At the interchange I bumped into Lars again. He had been taking his time prepping for the run (i.e. toilet break) and he waited a couple of minutes for me so that we could set off on the run together. We started at a steady pace, but relaxed enough to chat…at least for the couple of kilometres. After we had joked about the various antics of the morning I let him take off at a faster pace. I kept him in sight for a while, but eventually lost him in the woods. The end of a triathlon is always hard; the closer you get to the end the more you push yourself. We had walked along the last section of the run the day before, when we had gone for a warm up swim in the estuary, so as I started to recognise the path I picked up the pace. The last section was uphill for about 40metres. Can’t slack now. Not with everyone clapping and cheering you on. Finally I cross the finish mat.

Total course distance: 1km swim, 44km bike, 11km run.
Total Time: 3:05hrs.
Position: 60 out of 79

After factoring in our late start as well as lost time in the first changeover (due to disorganisation) I put my overall course time at about 2:45hrs which makes it a personal best. I’ll allow that. After all it was my birthday.

Moral of the story: Tri as you might, you can never over-prepare.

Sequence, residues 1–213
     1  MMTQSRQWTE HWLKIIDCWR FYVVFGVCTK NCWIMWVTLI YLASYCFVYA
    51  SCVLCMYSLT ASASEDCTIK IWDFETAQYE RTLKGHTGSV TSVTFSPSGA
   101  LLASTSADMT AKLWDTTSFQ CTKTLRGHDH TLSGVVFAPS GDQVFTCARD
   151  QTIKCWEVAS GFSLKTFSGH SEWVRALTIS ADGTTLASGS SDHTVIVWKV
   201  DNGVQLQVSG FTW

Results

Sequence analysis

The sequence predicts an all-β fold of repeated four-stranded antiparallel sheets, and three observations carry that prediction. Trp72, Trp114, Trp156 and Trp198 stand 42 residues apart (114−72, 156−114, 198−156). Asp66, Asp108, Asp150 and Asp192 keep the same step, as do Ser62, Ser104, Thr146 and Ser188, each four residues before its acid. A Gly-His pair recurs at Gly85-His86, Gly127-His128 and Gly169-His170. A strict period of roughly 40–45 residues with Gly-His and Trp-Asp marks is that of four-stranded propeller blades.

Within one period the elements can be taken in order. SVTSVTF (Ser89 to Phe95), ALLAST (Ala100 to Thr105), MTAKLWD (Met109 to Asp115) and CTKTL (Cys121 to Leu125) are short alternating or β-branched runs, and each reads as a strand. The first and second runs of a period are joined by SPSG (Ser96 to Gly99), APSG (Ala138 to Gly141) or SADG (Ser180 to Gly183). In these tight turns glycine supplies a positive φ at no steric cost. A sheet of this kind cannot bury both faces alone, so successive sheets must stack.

Nutrition Consumption (did me proud):

Large bowl of porridge, chopped banana and honey for breakfast.
1 x 50g sachet diluted in 250ml water 30 mins before the start
2 x 50g sachets diluted in 450ml of water consumed during the bike ride
1 x 50g sachet diluted in 350ml water after the event for recovery

Team Stats (official and unadulterated):

Total Time Position Time Splits (swim/bike/run)
AK 2:52hrs 38/79 00:25:04, 01:24:13, 01:02:57
Lars 3:02hrs 56/79 00:29:05, 01:31:35, 01:01:33
Xander (me) 3:05hrs 60/79 00:33:41, 01:28:21, 01:02:56




17 Jan 2014

Your Coach – Training Tip #2 – Planning The Year

General, Running, Training Advice, Triathlon, Your Coach No Comments

The athlete who trains the same, stays the same. In order to make progress, or at least avoid slowing down, one should change the direction of one’s training and plan the remainder of the year. Any particular routine loses its effectiveness after a few months, so it is best to have three or perhaps four phases during the year. In December and January, when the weather is at its worst, you will probably go into ‘maintenance mode’, then work on either endurance during February and March, then race-specific training during April and May, which will lead you into competing through May and June. Those who are looking for an autumn event, with a 3-month build-up, will start this in July or August, peaking for an event in October or November.

If you are a serious cross-country runner you may start your racing year in the autumn, have an easy period over Christmas and then get back into cross-country from January to March. If your interests are in track running rather than road or trail events, you will need to start track training as soon as the weather permits – maybe one or two sessions in February, one a week in March and two a week in April.

Maintenance training means doing three or four sessions a week, to avoid losing too much fitness. At least two of these should be steady three or four mile runs, and the other days might be 30-minute gym sessions, involving some all-round weight training and ten or fifteen minutes on the treadmill or the exercise bike.